Frank Stevens, vice president for global MRO centers for Embraer Service & Support, says the OEM’s facilities are also reducing energy through use of technologies like LED lighting, but “we’re also doing simple things like opening up the hangar doors to let air and light in.” Simple steps, such as turning off lights and unplugging equipment not in use can also help.
For hangar operations, electric tugs are increasingly being used to cut emissions related to repositioning aircraft. Embraer’s corporate aviation division has completed conversion to electric tugs, and its aftermarket operations are moving to electric power as well.
At GA Telesis, Jason Reed confirms that the ground support equipment group is seeing more requests for electric tugs and vehicles.
Recycling and Teardowns
The Aircraft Fleet Recycling Association’s (AFRA) best-practice teardown guidelines are the industry standard, but they have been unevenly implemented around the world. AFRA has now developed partnerships in China, however.
“That seems to be the last key piece of the puzzle for AFRA to getting sustainability built into the global teardown market,” Reed says. “The CCAR 145 authorities are working with AFRA so that they can compatibly work together on the teardown market so that it’s sustainable. Everything that’s in AFRA is incredibly efficient, and we don’t select suppliers today or teardown facilities today that are not AFRA-certified.”
Making Progress on Scope 3
Lots of efforts to reduce water, emissions, energy and waste are underway, but “you don’t really know what you have until you start really measuring it,” Stevens says.
“How many gallons of gas does it take to get a part from A to B? You have to measure those things. So that’s the mountain of data in front of us. We’re looking at that and trying to say: ‘Where do we start, and where do we want to go?’”
To understand the issues around Scope 1, 2 and 3 emission measurements, consider what HAECO is doing.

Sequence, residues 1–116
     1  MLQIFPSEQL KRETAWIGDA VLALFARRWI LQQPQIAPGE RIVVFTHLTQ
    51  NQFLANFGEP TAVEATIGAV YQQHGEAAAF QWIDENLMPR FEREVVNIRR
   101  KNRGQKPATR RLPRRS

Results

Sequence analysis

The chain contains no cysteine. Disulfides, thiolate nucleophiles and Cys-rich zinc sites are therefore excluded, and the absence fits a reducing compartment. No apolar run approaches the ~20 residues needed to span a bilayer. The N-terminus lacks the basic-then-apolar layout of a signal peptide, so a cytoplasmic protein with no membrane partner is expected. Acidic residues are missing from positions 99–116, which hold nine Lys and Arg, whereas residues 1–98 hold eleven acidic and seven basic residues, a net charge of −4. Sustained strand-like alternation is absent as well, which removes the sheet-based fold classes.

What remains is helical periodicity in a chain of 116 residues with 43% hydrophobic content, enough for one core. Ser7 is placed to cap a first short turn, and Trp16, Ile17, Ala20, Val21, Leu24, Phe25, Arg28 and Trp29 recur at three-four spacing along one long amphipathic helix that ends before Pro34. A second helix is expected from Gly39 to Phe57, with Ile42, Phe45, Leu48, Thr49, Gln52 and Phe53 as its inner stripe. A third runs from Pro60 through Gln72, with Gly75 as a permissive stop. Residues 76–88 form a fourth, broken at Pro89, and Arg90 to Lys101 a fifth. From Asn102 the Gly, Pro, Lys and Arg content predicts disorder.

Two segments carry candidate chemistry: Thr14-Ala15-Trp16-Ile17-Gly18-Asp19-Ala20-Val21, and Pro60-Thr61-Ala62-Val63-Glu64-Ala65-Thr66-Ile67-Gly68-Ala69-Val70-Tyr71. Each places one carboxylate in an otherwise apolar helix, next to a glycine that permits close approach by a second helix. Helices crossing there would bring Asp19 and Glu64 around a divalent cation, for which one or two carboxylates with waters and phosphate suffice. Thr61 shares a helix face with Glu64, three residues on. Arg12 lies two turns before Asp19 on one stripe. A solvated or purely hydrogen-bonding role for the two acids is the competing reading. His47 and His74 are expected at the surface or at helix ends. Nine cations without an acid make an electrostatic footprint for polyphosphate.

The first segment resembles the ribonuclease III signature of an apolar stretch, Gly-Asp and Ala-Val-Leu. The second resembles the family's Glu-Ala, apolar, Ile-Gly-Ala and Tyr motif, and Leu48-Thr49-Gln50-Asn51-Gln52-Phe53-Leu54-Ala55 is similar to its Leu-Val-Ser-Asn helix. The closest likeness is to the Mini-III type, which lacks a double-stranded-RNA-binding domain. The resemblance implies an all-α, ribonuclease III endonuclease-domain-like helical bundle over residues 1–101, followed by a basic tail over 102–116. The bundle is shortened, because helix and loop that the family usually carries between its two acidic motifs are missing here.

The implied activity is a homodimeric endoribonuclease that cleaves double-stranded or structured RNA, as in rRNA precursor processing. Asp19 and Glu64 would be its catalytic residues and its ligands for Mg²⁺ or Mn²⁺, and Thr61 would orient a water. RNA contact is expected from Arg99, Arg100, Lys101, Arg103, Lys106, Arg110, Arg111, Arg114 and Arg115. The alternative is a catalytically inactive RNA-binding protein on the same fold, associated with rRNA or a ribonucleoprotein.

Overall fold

“Regarding Scope 1 in our engine-testing facilities, we’re working very hard with Rolls-Royce and GE, our OEM partners, to improve the testing rates so that we can get more engines passing tests the first time [and to] improve the reliability of the components that will enable us to reduce the amount of fuel that we consume in test,” Kendall says. HAECO also is trying to use more SAF as part of that testing as it becomes available in more places.
But then there is Scope 3, the trickier part. The MRO community is a Scope 3 emitter for airlines, as part of their supply chains. “And we in turn, as an MRO industry, use a lot of suppliers ourselves,” Kendall notes, so MROs’ supply chains fall under Scope 3. “Particularly for those of us that are part of listed companies for which the investment community is increasingly expecting us to be adhering to the science-based target initiative and to identify and reduce our Scope 3 emissions.” This is an important topic because “we’re very immature as an industry in terms of understanding our Scope 3 emissions and how we can manage that,” he says.
“We know that with parts, prices escalate every year,” Kendall continues. “Value of inputs is a very poor indicator of efforts that are being made to reduce emissions. So I think we’ve got a lot of work to do as an industry to really identify how we can measure Scope 3 emissions before we can even address how we can reduce them.”